• Therealeverton

    Again with the myth that somehow Marvel Studios didn’t exit before Disney bought them in 2009 (A year after they had released Iron Man & The Incredible Hulk, when they were already making Iron Man 2 and cementing the MCU – Road to the Avengers ad had planned to release Thor, Captain America AND The Avengers. But apparently they wouldn’t have done a thing if not for Disney? Also not being massively well known to the general public is NOT the same thing as being a 2nd tier character.

    • http://www.facebook.com/profile.php?id=827859671 David Wharton

      How exactly is saying that Marvel Studios has done well since the Disney buyout the same as saying they were doing shitty before? I said the former, didn’t even hint at the latter. And when it comes to the average, non-comic-reading moviegoer, Iron Man and Thor were absolutely second-tier characters, right up until Marvel blew the doors off the theaters with their respective movies.

      • Therealeverton

        You’ve missed the content of what I was saying there mate. If that’s to do with the style of writing then I apologise, but you have missed the content. I never said that you said they were doing shitty never even came close to saying you were going there.. I said that you, alongside many others in the “media” give the impression that Marvel Studios were not making their own films before Disney and that it is BECAUSE of of the buyout that we have these films. Quote…

        “Consider they way Marvel Films has worked since the buyout. They’ve created a coherent, unified universe that has allowed second-tier characters such as Thor and Iron Man to become blockbuster successes” The implication there is clearly that Marvel have done this since the buyout thanks to Disney not, as is the case, that Marvel had a release strategy and Disney left them alone to continue that strategy. Add in the fact that you are using them as an example of how Disney could treat the Star Wars Universe in the same way,you’re suggesting (no stating explicitly) that Disney could make the same shared universe style movie structure that Disney made with Marvel Studios. The problem being that Disney did not make that structure. If that isn’t what you’re trying to say then you do need to rephrase, asI can assure you I am by no means the only person who read your article in this way.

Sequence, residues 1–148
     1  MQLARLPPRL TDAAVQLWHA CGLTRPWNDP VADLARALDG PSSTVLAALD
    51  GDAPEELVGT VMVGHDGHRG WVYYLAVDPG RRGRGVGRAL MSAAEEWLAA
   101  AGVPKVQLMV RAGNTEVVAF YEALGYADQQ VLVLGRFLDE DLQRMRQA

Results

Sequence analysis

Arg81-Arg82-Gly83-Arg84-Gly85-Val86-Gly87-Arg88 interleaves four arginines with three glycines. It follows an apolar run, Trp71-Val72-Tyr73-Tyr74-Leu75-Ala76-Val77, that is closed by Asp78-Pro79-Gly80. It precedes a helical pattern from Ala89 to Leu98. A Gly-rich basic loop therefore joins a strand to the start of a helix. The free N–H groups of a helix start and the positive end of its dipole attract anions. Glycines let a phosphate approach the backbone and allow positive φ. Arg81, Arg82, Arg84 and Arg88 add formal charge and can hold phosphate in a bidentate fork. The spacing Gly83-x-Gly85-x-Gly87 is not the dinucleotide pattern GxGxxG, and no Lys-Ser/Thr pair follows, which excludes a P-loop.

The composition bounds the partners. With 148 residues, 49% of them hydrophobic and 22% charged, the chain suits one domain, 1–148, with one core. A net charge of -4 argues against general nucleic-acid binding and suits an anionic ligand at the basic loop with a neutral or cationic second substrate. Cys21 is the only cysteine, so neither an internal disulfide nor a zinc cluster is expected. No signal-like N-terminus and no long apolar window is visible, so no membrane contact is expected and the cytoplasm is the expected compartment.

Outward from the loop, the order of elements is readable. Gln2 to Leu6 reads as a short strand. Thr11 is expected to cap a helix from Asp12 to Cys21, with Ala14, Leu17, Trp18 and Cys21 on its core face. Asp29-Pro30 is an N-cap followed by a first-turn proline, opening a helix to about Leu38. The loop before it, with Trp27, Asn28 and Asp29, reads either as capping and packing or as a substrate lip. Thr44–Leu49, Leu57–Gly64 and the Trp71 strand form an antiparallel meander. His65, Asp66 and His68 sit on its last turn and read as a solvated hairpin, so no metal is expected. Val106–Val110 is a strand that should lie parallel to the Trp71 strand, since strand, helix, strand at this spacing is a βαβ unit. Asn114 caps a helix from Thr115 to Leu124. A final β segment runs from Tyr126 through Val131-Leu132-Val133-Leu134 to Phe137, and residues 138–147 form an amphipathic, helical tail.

As for the second tier character thing. I clearly made a distinction between the wider public and “reality”. Plenty of people believe that there is no smoke without fire, that doesn’t make them right does it. I simply stated that t Thor &Iron Man (Iron Man especially) were not second tier characters the fact is that they were not. Just because they weren’t well known to the wider public, didn’t make them 2nd tier, it made “unknown”. There’s a difference. The X-Men were very much “unknown” before their film in the year 200, that didn’t make them 2nd tier – they were the biggest comic book characters on the planet. Given the nature of the website that this is on I expected that distinction to be made; it’s a “you should know better” kind of thing.

        So I hope that clears that up and

  • http://www.facebook.com/people/Craig-Starsky/100001653369536 Craig Starsky

    I’m so NOT on board if John Williams doesn’t score them…but my only hope for using the EU? The Han Solo trilogy by A.C. Crispin. Three books, chock full of backstory for many characters..even tie-ins with those horrid Lando Calrissian books. We’ll see.

  • David VIlla

    Star Wars anime? Expanded Universe on the big screen? Maybe even a Topher Grace-style remake? Count me in!

  • Sleeper99999

    This says that Lucasfilm will produce 2-3 films a year. Not 2-3 STAR WARS films. Very misleading headline.

  • mp

    star wars 23: the phantom franchise.